Nivolumab, the most advanced agent in the rapidly developing field of PD-1-targeting cancer immunotherapy, delivered durable clinical benefits across multiple solid tumor types.
Suzanne L. Topalian, MD
Nivolumab, the most advanced agent in the rapidly developing field of PD-1-targeting cancer immunotherapy, delivered durable clinical benefits across multiple solid tumor types, according to long-term data from a phase I trial.
Benefits in overall response rates and survival were evident in patients with advanced, treatment-refractory melanoma, non-small cell lung cancer (NSCLC), or renal cell carcinoma (RCC), with the most dramatic results seen in melanoma, according to Suzanne L. Topalian, MD, who presented the findings during the 2013 American Society of Clinical Oncology Annual Meeting in Chicago in June.1
The overall response rates (ORRs), defined as complete or partial responses by standard RECIST criteria, were 31% for patients with melanoma, 29% for those with RCC, and 17% for participants with NSCLC.
The results represent long-term efficacy data involving 306 patients who received nivolumab from 2008-2012, with at least 14 months’ follow-up. The participants had a median age of 63 years and good performance status scores, and nearly half had received three or more prior therapies.
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NSCLC indicates non-small cell lung cancer; ORR, overall response rate; OS, overall survival; RCC, renal cell carcinoma.
Topalian, a professor of Surgery and Oncology at the Sidney Kimmel Comprehensive Cancer Center at Johns Hopkins University in Baltimore, Maryland, said overall survival results (Table) “compare favorably to published results in similar heavily pretreated patient groups with advanced metastatic disease.”Earlier data from the trial, presented last year at ASCO’s annual meeting, have generated much excitement. The ongoing positive findings have prompted Bristol-Myers Squibb to advance development of the drug; there are now six ongoing phase III trials in the three tumor types.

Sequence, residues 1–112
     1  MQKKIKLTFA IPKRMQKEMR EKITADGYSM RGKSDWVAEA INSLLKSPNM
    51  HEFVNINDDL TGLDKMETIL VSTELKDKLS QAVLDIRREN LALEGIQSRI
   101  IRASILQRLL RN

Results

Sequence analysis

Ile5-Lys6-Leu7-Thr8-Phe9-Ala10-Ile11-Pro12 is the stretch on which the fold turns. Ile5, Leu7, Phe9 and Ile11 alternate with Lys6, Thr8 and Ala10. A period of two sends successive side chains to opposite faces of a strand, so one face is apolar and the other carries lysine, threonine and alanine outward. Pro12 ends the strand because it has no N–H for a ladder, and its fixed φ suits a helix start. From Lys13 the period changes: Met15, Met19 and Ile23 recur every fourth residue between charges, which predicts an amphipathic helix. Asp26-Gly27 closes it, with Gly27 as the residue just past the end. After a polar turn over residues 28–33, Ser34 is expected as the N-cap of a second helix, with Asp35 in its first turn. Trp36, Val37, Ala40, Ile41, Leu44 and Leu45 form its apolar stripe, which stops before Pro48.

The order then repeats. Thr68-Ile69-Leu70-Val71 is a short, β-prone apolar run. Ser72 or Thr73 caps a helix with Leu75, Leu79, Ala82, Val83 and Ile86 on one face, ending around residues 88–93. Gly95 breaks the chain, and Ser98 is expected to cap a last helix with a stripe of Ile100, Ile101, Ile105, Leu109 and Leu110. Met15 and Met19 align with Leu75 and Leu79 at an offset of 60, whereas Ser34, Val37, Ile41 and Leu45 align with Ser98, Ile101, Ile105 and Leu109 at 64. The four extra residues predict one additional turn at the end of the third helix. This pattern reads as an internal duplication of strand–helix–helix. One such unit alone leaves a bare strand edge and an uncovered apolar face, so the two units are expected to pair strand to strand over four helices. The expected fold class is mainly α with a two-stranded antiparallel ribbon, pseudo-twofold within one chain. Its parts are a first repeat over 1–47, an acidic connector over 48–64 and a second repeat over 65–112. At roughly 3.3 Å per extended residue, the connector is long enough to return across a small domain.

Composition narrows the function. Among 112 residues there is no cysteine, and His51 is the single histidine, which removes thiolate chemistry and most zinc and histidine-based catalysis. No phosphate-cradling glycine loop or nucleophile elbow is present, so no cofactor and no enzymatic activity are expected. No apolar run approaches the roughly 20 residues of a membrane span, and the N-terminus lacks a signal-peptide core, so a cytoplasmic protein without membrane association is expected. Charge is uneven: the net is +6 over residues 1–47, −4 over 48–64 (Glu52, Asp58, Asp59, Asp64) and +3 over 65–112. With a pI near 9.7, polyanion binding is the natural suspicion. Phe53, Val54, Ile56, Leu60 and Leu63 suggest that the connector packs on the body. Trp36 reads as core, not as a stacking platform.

Nivolumab, also known as BMS-936558, targets the PD pathway. “This is a normal turnoff mechanism that’s used by the immune system to terminate immune responses at the appropriate time,” said Topalian. “It’s a pathway that can be co-opted by cancer cells to fly below the radar of the immune system.”
A fully human monoclonal antibody, nivolumab blocks the PD-1 receptor from binding to both of its known ligands, PD-L1 (B7-H1) and PD-L2 (B7-DC), thus “rejuvenating antitumor immunity,” Topalian said.
Topalian said the results suggest that “nivolumab can reset the balance between the immune system and cancer.” Of the 65 patients who responded to the drug, 65% (42 patients) had a response lasting more than a year and 54% (35 patients) had ongoing responses at the time of data analysis. “Responses are persisting in some cases for a fairly long time after the drug is stopped,” said Topalian.
The treatment consisted of four-dose cycles of intravenously administered nivolumab (0.1-10 mg/kg) every two weeks for eight-week cycles, with a maximum duration of treatment for up to two years. Among 27 responding patients who had discontinued treatment for reasons other than disease progression, 70% (19 patients) maintained responses off-drug for 16-59 weeks, including 14 patients whose response was ongoing at time of analysis, Topalian said.
In terms of adverse events (AEs), Topalian said most of the toxicities occurred within the first six months of treatment, with skin and gastrointestinal reactions most frequently reported. Drug-related AEs of all grades occurred among 75% of the patients, including 17% of patients who experienced grades 3/4 AEs. Immune-related AEs of all grades occurred in 46% of patients, including grades 3/4 AEs in 6% of participants.
There were three deaths associated with pneumonitis early in the trial, resulting in the development of treatment algorithms for early detection and management, said Topalian.
1. Topalian SL, Sznol M, Brahmer JR, et al. Nivolumab (anti- PD-1; BMS-936558; ONO-4538) in patients with advanced solid tumors: survival and long-term safety in a phase I trial. Presented at: 2013 American Society of Clinical Oncology Annual Meeting; May 31-June 4, 2013; Chicago, IL. Abstract 3002.